The temperature-entropy conjugate pair is concerned with the transfer of thermal energy as the result of heating.

- An
**isothermal**process occurs at a constant temperature. An example would be to have a system immersed in a large constant-temperature bath. Any work energy performed by the system will be lost to the bath, but its temperature will remain constant. In other words, the system is**thermally connected**, by a thermally conductive boundary to a constant-temperature reservoir.

- An
**isentropic**process occurs at a constant entropy. For a reversible process this is identical to an adiabatic process (see below). If a system has an entropy which has not yet reached its maximum equilibrium value, a process of cooling may be required to maintain that value of entropy.

- An
**adiabatic**process is a process in which there is no energy added or subtracted from the system by heating or cooling. For a reversible process, this is identical to an isentropic process. We may say that the system is**thermally insulated**from its environment and that its boundary is a thermal insulator. If a system has an entropy which has not yet reached its maximum equilibrium value, the entropy will increase even though the system is thermally insulated.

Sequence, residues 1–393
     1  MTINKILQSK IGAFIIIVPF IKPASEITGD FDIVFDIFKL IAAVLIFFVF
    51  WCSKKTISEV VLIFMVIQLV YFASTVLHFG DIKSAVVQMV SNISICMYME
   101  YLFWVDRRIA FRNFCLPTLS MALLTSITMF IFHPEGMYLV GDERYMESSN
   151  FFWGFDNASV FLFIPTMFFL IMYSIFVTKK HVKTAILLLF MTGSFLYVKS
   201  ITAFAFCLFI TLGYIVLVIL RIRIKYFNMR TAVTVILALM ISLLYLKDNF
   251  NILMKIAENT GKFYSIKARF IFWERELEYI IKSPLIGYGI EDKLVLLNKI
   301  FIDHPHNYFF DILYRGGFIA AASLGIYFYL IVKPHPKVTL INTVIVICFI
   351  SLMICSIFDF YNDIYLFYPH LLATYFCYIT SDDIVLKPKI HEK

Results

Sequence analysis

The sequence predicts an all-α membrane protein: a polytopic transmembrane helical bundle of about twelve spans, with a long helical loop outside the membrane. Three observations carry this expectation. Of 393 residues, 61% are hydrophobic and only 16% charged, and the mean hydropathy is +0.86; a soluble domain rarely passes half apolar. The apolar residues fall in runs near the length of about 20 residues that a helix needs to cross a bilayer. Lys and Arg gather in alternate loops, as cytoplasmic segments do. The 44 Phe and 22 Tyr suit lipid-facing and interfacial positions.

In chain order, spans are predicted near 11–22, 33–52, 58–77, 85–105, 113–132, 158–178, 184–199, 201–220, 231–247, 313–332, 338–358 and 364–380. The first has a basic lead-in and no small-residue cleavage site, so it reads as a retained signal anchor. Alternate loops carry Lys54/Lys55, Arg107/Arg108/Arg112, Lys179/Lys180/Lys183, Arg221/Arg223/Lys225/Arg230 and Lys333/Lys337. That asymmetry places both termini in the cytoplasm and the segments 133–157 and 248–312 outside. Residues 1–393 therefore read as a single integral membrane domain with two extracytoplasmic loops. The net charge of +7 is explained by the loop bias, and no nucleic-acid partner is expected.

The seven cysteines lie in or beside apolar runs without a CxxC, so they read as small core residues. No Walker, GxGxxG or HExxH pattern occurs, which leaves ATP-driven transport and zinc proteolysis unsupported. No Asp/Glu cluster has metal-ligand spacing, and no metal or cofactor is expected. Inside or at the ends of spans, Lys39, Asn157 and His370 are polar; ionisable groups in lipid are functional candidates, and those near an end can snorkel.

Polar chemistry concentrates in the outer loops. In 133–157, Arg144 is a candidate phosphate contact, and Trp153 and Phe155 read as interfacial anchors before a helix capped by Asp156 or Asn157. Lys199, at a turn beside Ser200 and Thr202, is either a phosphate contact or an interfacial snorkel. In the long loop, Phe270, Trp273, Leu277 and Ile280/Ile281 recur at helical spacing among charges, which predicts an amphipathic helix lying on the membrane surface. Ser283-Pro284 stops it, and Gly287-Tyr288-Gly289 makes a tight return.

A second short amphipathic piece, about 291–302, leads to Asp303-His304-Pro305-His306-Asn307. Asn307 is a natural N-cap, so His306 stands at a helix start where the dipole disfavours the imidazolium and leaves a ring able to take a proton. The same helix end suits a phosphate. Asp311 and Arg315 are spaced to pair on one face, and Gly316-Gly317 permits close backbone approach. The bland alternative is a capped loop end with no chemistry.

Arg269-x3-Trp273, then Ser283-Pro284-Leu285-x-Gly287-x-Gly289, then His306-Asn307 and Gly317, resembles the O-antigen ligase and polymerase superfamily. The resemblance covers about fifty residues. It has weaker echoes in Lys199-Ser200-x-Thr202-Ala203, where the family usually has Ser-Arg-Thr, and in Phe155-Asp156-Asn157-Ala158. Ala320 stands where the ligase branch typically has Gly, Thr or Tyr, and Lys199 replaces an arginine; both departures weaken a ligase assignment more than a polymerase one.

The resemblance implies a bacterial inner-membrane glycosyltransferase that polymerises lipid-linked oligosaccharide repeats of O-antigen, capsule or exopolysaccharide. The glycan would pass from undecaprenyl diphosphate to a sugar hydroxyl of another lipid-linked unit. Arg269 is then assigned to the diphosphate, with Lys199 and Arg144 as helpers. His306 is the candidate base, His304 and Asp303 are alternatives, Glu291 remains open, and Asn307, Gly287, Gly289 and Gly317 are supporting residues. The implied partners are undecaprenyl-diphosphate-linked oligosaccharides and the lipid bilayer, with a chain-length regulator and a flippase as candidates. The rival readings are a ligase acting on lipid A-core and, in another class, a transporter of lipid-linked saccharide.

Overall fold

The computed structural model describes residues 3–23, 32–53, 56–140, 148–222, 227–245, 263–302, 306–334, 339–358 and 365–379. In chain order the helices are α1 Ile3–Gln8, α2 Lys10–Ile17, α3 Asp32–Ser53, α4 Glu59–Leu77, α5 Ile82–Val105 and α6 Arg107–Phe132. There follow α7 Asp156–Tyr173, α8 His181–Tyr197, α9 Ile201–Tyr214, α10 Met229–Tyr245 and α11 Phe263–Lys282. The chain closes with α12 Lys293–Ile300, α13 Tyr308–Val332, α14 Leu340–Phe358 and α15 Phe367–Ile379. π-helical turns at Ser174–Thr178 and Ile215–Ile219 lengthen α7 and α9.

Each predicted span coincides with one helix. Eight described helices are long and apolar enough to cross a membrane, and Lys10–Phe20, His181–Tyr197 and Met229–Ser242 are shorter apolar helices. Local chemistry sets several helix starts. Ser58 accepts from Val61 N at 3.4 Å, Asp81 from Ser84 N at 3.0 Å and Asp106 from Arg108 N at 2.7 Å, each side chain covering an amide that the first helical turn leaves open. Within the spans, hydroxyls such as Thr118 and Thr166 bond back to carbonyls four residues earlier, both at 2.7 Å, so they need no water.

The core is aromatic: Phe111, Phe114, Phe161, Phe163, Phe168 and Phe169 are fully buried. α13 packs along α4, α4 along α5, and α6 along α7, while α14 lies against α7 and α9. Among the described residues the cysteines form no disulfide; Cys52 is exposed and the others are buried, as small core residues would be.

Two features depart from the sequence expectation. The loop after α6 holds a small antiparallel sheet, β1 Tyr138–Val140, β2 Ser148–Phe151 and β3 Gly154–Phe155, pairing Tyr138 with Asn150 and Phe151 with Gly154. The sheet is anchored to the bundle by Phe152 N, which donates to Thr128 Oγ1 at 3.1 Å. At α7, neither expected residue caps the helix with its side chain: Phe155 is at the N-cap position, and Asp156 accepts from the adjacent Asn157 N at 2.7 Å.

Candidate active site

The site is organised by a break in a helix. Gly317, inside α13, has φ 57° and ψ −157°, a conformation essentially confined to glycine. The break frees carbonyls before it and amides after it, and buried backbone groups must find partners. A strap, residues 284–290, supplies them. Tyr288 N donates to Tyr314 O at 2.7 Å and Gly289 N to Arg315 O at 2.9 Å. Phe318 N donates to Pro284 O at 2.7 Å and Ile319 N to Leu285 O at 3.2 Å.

The above have all implicitly assumed that the boundaries are also impermeable to particles. We may assume boundaries that are both rigid and thermally insulating, but are permeable to one or more types of particle. Similar considerations then hold for the (chemical potential)-(particle number) conjugate pairs.

## See also

## References